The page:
A woman from Pennsylvania and a man from Massachusetts were killed Friday in snowmobile crashes on trails in northern Maine.

A Massachusetts man died Friday  after crashing this sled on a trail south of Baxter State Park. Photo courtesy of Maine Department of Inland Fisheries and Wildlife

Their deaths bring the total of snowmobile fatalities this riding season to six, said Cpl. John MacDonald, spokesman for the Maine Warden Service.

A 41-year-old Pennsylvania woman was operating a 2014 Grand Touring Ski-Doo 900 on Bald Mountain Camps Trail near Rangeley around 11 a.m. Friday when the machine failed to negotiate a turn, MacDonald said.

The snowmobile rolled onto its side and struck trees along the trail. The operator died at the scene as a result of her injuries, MacDonald said.

The operator and a male passenger, also age 41 and from Pennsylvania, had been riding toward Rangeley, followed by three other snowmobiles in their party.

Wardens said speed didn’t appear to be a factor in the crash but operator inexperience may have been. The names of the operator and her passenger were being withheld until next of kin are notified. Rangeley Fire & Rescue assisted at the scene.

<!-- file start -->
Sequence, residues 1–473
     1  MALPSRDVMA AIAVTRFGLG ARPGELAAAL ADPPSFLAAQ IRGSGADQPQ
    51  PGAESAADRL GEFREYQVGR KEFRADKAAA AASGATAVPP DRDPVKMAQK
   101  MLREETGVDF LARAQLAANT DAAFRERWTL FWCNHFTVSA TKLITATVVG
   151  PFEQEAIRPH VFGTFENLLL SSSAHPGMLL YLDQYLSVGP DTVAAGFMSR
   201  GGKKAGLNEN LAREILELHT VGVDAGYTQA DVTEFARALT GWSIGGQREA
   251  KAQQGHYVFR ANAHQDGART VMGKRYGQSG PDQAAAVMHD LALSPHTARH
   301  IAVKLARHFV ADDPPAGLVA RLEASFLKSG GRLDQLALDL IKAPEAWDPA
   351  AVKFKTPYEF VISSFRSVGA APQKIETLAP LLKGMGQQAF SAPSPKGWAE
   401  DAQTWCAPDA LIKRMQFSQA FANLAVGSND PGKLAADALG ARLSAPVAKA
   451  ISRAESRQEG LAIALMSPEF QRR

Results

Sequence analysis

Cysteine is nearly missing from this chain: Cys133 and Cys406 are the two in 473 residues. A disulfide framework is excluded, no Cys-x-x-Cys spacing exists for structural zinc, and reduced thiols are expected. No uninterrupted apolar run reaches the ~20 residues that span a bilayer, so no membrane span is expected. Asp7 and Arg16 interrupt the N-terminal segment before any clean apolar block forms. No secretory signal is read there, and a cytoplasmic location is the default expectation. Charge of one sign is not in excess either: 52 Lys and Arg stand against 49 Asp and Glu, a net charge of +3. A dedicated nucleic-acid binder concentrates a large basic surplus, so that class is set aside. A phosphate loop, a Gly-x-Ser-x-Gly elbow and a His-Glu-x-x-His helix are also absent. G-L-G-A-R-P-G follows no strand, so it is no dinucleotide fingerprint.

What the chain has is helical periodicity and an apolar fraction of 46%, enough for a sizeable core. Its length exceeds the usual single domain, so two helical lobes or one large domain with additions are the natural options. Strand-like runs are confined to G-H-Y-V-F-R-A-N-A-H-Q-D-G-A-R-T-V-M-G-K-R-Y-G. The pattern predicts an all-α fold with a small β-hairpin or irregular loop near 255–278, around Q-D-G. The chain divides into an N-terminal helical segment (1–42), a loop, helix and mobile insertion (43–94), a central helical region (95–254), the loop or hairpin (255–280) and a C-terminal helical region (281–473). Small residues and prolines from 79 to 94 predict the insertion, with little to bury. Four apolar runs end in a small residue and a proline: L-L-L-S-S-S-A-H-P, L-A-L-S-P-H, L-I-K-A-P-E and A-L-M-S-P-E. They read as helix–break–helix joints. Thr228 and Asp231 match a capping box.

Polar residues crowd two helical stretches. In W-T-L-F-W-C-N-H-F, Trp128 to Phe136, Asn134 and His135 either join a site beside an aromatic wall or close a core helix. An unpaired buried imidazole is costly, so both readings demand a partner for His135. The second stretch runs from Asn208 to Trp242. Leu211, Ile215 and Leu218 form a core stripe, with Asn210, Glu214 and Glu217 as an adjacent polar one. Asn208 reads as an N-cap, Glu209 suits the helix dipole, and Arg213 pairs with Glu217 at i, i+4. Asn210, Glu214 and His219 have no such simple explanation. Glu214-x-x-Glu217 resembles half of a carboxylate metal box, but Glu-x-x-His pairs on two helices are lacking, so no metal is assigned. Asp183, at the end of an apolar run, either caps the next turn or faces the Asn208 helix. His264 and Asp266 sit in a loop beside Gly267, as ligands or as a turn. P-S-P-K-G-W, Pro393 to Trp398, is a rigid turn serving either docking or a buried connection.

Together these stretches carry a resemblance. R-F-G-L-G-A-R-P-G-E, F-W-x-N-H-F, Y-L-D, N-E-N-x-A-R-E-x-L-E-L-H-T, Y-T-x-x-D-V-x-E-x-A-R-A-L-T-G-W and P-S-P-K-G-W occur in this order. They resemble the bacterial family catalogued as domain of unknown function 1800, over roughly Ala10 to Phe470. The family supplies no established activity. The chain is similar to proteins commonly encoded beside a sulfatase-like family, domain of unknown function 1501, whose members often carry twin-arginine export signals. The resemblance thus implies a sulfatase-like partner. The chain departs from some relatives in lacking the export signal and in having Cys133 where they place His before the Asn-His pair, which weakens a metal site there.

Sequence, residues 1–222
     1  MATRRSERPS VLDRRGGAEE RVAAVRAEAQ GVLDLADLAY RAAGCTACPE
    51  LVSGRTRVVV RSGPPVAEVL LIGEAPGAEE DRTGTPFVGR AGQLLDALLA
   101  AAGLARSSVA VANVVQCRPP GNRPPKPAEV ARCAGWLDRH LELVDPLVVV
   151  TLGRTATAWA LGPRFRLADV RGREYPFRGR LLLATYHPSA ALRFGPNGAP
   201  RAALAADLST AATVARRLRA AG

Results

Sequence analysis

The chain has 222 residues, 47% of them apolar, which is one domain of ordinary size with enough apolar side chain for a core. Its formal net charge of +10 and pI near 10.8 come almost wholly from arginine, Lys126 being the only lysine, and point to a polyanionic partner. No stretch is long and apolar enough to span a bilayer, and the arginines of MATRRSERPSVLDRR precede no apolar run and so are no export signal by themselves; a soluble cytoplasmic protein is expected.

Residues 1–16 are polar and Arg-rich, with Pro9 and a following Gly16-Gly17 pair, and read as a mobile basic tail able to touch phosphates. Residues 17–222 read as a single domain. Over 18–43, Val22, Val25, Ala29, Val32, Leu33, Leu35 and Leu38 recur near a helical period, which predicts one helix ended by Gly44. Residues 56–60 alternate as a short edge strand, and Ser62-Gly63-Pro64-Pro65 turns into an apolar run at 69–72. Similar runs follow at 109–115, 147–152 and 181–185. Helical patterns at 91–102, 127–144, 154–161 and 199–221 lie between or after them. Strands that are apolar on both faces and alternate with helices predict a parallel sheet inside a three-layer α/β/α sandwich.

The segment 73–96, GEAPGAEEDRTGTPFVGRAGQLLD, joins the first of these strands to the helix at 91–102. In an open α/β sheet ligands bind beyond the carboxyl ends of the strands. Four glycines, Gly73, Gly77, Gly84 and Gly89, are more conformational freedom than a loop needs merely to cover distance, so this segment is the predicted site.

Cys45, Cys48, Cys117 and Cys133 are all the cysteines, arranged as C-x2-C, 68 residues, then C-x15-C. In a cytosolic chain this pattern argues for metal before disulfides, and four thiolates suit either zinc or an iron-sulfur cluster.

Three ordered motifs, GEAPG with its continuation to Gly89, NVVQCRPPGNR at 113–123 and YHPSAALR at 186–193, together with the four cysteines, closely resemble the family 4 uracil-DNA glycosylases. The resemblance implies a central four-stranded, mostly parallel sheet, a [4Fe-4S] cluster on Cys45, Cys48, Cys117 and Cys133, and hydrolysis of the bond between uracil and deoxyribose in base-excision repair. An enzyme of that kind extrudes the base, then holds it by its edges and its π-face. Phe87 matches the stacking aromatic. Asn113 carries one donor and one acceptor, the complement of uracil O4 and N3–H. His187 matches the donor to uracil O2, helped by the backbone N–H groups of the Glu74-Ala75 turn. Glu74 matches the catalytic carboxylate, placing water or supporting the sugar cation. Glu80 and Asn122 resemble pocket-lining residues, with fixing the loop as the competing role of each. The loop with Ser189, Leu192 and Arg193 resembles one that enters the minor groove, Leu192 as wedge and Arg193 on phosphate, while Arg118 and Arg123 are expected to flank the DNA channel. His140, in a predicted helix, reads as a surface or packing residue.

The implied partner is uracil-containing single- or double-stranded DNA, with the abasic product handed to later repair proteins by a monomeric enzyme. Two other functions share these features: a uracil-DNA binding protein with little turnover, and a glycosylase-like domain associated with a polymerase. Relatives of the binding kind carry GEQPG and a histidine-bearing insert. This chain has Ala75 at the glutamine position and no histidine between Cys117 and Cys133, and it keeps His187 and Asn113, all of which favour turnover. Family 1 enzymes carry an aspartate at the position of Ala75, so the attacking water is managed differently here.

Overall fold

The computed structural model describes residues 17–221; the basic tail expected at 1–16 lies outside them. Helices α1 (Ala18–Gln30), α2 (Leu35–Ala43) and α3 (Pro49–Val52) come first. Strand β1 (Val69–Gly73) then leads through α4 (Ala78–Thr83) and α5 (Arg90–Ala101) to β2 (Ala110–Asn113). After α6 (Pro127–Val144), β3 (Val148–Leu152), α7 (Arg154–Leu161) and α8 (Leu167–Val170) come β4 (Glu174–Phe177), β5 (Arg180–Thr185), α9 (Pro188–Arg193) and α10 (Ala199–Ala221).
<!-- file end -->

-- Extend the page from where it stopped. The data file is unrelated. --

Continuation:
About an hour after the Rangeley crash, Alan Paquette, 55, of Ashburnham, Massachusetts, was killed when the snowmobile he was operating crashed in an area south of Baxter State Park, near Millinocket, MacDonald said.

Paquette was operating a 2019 Ski-Doo Renegade 850 on Trail 86 of the Interconnected Trail System, about 3.5 miles east of Abol Bridge. He was traveling last in a group of three snowmobiles when his machine missed a turn in the trail and crashed into several trees, MacDonald said.

Speed and unfamiliarity with the trail likely contributed to the crash, wardens said. Paquette’s body was taken to Lampson Funeral Home in Millinocket. Park rangers and local ambulance crew members assisted at the scene.

The warden service urges all snowmobilers to slow down and ride responsibly, allowing plenty of time to safely stop, negotiate changes in terrain and accommodate other riders. Wardens impose fines on riders found operating recklessly or endangering others.

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